·         In military records for World War II, there is an “Old Man’s Draft,” (aka the Old Man’s Registration) which listed men aged 45 to 64 and if they had any skills that could be put to use during the war. The information recorded on their registration cards include such information as height, complexion, race, eye color, and other skin characteristics such as moles and scars.

·         Think one of your relatives was in the clergy, but can’t find him? Look in military pension records. The names of ministers are often found simply because they married someone during a war.

·         Your female ancestor might also be found in pension records, as the soldier’s wife.

·         Gossip columns can be informative, too. For instance, marriages were not always announced formally by the family, but the nuptials may have been reported in the social columns of the day.

·         Probate records, land deeds, and court records are also rich sources when you’re looking for your relatives and their comings and goings.

And speaking of court records, don’t be surprised if you find your ancestors were always suing each other and their neighbors. It’s unlikely they were litigious because they wanted to be; suing was simply the best way to resolve disputes!

If you’re just starting out and aren’t quite ready to tackle a website such as or, try the National Archives website at . You’ll find tons of information and links to other resources that can help give you a leg up as you become your own ancestry detective.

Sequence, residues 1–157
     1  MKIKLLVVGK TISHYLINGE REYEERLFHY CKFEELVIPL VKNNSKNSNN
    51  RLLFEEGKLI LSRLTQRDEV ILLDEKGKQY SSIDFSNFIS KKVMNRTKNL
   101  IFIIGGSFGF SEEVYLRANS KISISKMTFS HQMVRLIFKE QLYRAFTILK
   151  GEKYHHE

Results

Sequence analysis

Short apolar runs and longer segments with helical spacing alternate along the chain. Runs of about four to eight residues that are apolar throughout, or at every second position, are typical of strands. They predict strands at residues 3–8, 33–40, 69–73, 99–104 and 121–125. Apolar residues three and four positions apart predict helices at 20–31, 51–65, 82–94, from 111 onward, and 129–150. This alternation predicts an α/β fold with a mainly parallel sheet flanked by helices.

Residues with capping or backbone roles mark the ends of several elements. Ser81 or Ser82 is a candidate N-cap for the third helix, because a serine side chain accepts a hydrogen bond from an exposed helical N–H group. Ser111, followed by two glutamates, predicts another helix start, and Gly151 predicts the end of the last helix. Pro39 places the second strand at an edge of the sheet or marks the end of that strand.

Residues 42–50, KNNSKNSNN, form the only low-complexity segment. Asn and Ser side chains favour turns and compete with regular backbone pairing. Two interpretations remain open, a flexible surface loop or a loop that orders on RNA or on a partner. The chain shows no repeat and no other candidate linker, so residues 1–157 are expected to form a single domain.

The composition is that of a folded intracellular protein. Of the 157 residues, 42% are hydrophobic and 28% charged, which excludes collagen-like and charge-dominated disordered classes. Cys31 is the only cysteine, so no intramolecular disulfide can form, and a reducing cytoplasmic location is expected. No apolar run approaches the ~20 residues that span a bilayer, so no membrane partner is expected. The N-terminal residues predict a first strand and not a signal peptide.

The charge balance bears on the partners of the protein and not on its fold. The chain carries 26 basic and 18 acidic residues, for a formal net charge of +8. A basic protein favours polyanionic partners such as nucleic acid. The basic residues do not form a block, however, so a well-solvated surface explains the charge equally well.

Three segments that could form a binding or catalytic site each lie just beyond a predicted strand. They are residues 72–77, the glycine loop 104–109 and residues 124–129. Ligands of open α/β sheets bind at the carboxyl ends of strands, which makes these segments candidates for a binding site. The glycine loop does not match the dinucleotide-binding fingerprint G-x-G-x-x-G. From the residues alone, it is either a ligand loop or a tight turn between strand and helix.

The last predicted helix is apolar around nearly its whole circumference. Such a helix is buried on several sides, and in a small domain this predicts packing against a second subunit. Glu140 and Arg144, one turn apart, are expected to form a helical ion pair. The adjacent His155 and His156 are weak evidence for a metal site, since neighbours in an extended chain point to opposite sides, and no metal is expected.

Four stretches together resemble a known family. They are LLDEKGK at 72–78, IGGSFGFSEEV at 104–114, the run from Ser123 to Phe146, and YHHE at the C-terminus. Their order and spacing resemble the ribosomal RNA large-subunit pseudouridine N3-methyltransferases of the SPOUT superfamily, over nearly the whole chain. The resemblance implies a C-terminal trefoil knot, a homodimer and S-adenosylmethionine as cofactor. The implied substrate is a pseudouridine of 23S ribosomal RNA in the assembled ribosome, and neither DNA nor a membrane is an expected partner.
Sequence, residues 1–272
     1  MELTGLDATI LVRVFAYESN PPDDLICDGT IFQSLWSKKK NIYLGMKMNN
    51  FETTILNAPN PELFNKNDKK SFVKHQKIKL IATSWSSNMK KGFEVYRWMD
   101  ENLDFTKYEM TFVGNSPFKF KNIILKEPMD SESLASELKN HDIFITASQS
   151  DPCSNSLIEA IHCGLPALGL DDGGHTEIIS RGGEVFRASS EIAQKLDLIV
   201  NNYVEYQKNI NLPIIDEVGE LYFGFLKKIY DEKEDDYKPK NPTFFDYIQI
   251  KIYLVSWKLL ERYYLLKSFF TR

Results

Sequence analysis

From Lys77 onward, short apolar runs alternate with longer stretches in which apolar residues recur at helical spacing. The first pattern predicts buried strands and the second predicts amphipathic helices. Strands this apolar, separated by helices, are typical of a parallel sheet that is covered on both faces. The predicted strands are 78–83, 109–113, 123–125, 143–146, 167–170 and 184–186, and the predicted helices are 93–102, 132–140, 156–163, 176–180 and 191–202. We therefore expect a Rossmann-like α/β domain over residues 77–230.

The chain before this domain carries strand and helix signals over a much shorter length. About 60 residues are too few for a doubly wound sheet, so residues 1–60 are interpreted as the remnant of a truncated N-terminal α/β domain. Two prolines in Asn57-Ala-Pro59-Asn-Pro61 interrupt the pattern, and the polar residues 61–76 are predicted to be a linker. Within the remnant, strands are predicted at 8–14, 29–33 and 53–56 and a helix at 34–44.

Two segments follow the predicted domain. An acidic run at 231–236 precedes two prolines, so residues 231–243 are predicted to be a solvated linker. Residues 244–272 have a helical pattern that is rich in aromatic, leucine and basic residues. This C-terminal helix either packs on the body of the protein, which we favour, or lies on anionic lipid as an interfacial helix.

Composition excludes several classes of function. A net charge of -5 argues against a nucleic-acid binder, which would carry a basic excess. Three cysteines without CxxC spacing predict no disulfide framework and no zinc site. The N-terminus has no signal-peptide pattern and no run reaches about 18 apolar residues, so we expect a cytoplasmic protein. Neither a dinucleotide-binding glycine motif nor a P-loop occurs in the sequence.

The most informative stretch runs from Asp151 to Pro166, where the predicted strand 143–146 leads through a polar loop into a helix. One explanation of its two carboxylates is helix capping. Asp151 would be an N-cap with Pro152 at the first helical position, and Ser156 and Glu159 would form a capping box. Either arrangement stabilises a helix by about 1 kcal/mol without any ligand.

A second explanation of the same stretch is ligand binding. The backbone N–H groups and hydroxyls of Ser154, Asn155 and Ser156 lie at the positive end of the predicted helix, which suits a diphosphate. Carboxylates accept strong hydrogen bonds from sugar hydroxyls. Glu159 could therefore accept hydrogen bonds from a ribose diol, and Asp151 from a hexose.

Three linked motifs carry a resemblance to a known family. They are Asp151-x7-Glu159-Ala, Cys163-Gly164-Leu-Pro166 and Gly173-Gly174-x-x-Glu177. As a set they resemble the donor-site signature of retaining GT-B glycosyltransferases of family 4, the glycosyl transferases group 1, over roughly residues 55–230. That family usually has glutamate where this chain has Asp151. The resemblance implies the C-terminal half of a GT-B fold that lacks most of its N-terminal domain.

Also, if your town has a genealogy library or your local library offers an introductory course on searching for your ancestors, take it. They’re informative, helpful, and fun!

S.C. PERKINS is a fifth-generation Texan who grew up hearing fascinating stories of her ancestry and eating lots of great Tex-Mex, both of which inspired the plot of her debut mystery novel. Murder Once Removed was the winner of the 2017 Malice Domestic Best First Traditional Mystery competition. She resides in Houston and, when she’s not writing or working at her day job, she’s likely outside in the sun, on the beach, or riding horses. Visit her website at or follow her on Twitter, Instagram, Goodreads, and Facebook @SCPerkinsWriter.

S.C. Perkins' Murder Once Removed is the captivating first mystery in the Ancestry Detective series, in which Texas genealogist Lucy Lancaster uses her skills to solve murders in both the past and present.
Except for a good taco, genealogist Lucy Lancaster loves nothing more than tracking down her clients’ long-dead ancestors, and her job has never been so exciting as when she discovers a daguerreotype photograph and a journal proving Austin, Texas, billionaire Gus Halloran’s great-great-grandfather was murdered back in 1849. What’s more, Lucy is able to tell Gus who was responsible for his ancestor’s death.
Partly, at least. Using clues from the journal, Lucy narrows the suspects down to two nineteenth-century Texans, one of whom is the ancestor of present-day U.S. senator Daniel Applewhite. But when Gus publicly outs the senator as the descendant of a murderer—with the accidental help of Lucy herself—and her former co-worker is murdered protecting the daguerreotype, Lucy will find that shaking the branches of some family trees proves them to be more twisted and dangerous than she ever thought possible.

Facebook, Instagram, Twitter, Goodreads, and Pinterest:  @SCPerkinsWriter
Amazon Author Page:
Social media links (separately listed)

DEBS: Stephanie will be stopping in to chat, AND will be giving away a copy of MURDER ONCE REMOVED and some fabulous tea to a lucky commenter!

REDS and READERS,  have you found anything interesting or unexpected in your family history?